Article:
Ability to endure the discomfort of change – very, very important – very key element about technique improvement.


Focus, the athlete’s ability to focus for extended periods.  That is an athlete responsibility and then both the coach and the athlete have to persist.  He has to be committed to the change.  He can’t just try it for 10 or 15 laps or two or three laps and say, ah that’s not working and walk away.


Confidence is very important as from a coach when it comes to technique in anything.  I know because there have been times when I have been very confident and times when I have been at the other end of the spectrum.  If you are not competent and not persistent then, not only will that change not occur, but you might lose some other things.


Stroke shaping – three basic steps and maybe it is not quite as easy as I make it sound here, but it is easier than you would think.  The simple things are what usually work the best.


The first step is to relax the swimmers head and neck.  In my opinion that is where the biggest energy problems occur.  Muscle tension = frozen power or stopped energy and that neck and head – it’s like a magnet – if that neck is tense the energy is not going to get through.  It is going to bunch up the shoulders.  The energy is just not going to flow out into the arms.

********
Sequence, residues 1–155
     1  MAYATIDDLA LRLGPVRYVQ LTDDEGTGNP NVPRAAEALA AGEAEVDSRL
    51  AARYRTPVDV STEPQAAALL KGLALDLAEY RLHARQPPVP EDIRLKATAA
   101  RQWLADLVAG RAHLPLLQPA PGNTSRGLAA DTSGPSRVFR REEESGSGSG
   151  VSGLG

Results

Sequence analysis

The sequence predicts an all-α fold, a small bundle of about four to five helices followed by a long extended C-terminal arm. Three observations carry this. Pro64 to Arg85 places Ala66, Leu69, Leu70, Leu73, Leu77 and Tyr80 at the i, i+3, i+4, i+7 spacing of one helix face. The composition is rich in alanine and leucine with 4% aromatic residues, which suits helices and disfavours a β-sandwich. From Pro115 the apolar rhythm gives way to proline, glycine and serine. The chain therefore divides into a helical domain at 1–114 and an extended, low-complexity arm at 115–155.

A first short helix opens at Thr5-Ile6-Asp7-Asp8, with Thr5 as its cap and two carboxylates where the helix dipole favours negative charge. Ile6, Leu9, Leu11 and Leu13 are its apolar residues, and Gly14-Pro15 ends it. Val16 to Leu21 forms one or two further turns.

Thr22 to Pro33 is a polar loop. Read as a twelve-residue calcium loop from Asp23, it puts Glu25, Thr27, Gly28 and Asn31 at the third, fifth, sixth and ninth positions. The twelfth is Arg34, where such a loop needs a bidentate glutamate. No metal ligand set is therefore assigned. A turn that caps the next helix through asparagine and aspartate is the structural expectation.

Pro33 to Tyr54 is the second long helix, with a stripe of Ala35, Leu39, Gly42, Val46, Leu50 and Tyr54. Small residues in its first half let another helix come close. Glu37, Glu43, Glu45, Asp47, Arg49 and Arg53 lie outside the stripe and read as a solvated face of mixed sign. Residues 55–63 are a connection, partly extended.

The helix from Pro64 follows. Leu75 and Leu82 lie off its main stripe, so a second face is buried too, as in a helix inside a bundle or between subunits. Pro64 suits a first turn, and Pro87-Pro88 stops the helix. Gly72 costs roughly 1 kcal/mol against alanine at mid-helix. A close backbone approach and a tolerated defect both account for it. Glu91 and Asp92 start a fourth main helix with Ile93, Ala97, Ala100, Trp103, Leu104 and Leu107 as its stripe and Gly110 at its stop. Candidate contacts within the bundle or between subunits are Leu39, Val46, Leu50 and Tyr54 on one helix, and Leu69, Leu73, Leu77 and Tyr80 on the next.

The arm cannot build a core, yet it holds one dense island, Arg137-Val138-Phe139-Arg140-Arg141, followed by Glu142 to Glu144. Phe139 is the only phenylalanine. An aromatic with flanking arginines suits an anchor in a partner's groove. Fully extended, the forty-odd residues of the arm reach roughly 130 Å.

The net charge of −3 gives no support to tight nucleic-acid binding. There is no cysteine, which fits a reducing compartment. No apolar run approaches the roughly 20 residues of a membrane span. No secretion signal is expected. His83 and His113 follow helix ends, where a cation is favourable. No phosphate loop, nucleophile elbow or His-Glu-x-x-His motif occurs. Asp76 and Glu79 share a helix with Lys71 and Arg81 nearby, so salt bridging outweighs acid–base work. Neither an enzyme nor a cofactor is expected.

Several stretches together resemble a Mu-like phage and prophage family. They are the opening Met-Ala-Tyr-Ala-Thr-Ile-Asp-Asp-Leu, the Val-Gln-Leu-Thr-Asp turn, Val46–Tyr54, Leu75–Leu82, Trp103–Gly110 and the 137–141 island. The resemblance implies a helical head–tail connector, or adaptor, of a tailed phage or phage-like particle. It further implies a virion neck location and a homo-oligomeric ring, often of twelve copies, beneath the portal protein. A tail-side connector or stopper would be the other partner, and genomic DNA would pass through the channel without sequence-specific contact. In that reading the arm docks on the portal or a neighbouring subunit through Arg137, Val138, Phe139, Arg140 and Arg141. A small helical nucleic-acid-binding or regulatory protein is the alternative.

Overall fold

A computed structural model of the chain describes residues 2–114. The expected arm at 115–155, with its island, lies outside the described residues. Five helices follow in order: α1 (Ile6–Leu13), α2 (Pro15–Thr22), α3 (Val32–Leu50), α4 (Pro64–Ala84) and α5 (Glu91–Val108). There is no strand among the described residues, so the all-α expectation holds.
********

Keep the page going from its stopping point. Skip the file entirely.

Over the years I have heard different coaches – not the best ones – but different coaches say you should hold your head this way or you should hold your head that way.  I would just like the kid to relax their neck totally and this is one of the things that I really saw going back and forth between my team and some of the national team stuff is that in national team stuff they were so relaxed and their neck and head were if anything stretching forward, not lifting up because the head and the neck want to go forward with the yin energy if you want to be fast.  Fast swimming is forward.  It is not back.  The swimmers who have trouble, tension in the neck they are what I call up and back.  They are pulling away from the direction the energy wants to flow and if you get tension in the neck you are causing all sorts of problems.  Sometimes that leads to shoulder things – it can lead to a bunch of stuff.  Just have them relax the head and neck.